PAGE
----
Katrijn Gielens, an associate professor of marketing and Sarah Graham Kenan Scholar at the University of North Carolina-Chapel Hill, said online shopping has made it increasingly difficult to attract customers into stores. For example, it is easier to avoid the impulse buying of additional items while shopping online.

Gielens added that stores have had to turn to strategies like in-store events to court customers, and targeting toys allow the whole family to get involved in the shopping process.

“Once they’re inside the store you can tempt them with other things and that is the ultimate goal to a certain extent,” Gielens said. “If there’s one type of consumer that is easily tempted, it’s probably children. Ultimately, the parents will pay for it, but it’s also hard to say no to children.”

Balasubramanian said that because children have a different perspective of shopping than adults do and that the in-store experience is more meaningful to young children than online shopping is.

“With children, it is often a ritual to go to the store with their parents and have all the excitement around them — to touch, feel, experience the toys — and then to get something right then and there,” Balasubramanian said. “That makes it fun for the family.”

Balasubramanian said that Walmart and Target’s event-heavy, child-friendly marketing strategies also seem to be an “experiment” to see if they can capture Toys “R” Us’ former customers year-round and increase their presence in the toy market.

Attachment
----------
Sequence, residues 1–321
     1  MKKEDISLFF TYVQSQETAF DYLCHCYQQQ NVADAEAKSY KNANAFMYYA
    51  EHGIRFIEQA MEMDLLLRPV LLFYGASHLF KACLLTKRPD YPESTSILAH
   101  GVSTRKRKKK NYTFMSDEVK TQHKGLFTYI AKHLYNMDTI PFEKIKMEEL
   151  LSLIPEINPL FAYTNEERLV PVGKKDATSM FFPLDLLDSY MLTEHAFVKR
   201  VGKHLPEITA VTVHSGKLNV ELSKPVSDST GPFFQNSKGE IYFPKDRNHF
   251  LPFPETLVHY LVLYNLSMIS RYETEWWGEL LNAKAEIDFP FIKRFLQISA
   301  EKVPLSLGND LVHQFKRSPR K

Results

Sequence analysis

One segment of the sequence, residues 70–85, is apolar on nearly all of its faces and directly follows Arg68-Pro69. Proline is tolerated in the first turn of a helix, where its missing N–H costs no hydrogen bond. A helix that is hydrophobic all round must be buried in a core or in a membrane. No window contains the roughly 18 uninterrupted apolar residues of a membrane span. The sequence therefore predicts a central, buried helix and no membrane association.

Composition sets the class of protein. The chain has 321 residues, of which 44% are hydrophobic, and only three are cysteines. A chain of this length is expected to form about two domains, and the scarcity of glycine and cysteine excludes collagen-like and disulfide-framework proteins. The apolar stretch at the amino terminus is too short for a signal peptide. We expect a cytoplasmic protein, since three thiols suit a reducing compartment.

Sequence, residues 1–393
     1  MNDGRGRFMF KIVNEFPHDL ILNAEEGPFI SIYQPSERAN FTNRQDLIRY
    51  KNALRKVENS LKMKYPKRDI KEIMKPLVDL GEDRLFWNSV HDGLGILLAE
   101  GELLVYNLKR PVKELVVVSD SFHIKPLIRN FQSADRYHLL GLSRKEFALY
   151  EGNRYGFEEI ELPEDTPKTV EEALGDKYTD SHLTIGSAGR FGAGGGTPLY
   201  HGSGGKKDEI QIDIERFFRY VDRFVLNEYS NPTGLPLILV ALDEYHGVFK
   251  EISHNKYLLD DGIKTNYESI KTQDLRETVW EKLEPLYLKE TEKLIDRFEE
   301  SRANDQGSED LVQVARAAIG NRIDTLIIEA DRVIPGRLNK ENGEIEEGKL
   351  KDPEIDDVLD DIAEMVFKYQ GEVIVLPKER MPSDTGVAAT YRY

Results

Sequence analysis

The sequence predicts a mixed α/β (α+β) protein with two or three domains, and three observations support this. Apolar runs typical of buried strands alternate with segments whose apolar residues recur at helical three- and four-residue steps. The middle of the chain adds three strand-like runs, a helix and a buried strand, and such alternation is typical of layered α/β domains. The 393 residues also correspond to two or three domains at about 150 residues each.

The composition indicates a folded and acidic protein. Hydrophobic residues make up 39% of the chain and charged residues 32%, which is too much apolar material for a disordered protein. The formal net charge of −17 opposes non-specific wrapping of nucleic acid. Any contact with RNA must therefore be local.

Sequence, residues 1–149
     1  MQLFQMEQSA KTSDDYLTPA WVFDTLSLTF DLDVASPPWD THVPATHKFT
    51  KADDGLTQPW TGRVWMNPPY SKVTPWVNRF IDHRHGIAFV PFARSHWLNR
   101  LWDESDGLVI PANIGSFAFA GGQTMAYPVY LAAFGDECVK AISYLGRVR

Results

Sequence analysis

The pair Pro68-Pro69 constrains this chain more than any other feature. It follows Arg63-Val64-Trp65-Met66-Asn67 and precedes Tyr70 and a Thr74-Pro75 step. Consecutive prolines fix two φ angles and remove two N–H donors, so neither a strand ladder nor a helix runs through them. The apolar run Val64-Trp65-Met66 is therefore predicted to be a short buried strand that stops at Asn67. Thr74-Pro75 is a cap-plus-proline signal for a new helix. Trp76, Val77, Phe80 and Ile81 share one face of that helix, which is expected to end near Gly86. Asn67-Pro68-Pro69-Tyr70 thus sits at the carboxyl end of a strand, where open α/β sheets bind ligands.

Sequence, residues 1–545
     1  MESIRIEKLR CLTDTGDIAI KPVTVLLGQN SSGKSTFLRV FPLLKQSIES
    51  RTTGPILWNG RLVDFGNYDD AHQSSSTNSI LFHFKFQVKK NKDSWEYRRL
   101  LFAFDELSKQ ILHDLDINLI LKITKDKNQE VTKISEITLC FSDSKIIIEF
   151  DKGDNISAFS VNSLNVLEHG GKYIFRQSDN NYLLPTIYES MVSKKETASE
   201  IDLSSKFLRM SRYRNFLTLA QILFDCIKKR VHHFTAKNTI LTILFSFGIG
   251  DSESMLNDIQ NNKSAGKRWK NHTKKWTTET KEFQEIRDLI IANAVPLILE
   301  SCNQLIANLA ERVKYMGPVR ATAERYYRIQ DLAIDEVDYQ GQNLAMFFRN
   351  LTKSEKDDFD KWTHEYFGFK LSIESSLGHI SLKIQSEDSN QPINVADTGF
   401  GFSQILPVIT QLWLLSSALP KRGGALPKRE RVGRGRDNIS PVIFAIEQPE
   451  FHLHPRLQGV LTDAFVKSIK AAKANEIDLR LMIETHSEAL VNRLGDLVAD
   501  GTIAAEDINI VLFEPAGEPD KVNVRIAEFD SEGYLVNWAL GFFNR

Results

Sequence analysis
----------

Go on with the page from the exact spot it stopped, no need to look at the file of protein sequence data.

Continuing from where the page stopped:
“I would certainly expect that some of the traffic from Toys 'R' Us is going to go definitely toward Walmart and Target,” Balasubramanian said. “But it’s not clear to me that given how shopping habits have been shifting that Walmart and Target are necessarily going to capture all of the Toys 'R' Us’ traditional customers.”

Balasubramanian noted that Toys “R” Us went out of business because its toy-only model could not compete with Amazon and other online retailers, who took over “a big chunk of that toy market.” Balasubramanian said, however, that because Walmart and Target’s offerings cover a wide range of categories, their current business “will remain robust” even if they can’t increase their toy sales.

Although Gielens thinks the events could bolster the number of in-store visits on Black Friday, she said “the jury is still out” on whether the strategy would be useful in the long-run. She warned that retailers should not market the events and toys to the point that consumers are distracted from looking through the rest of the store.

Gielens also noted that because these events promote products at lower prices, the stores’ profits might be affected. Gielens acknowledged that the retailers are being forced to take the risk to beat their competitors, but she advised that the companies should organize the events in such a way that they don’t lose money.

“Ultimately, what are [the stores] all trying to achieve: that they don’t lose market share and that they don’t lose their consumer to their competitors,” Gielens said. “But it can accommodate huge costs in that it’s simply not profitable.”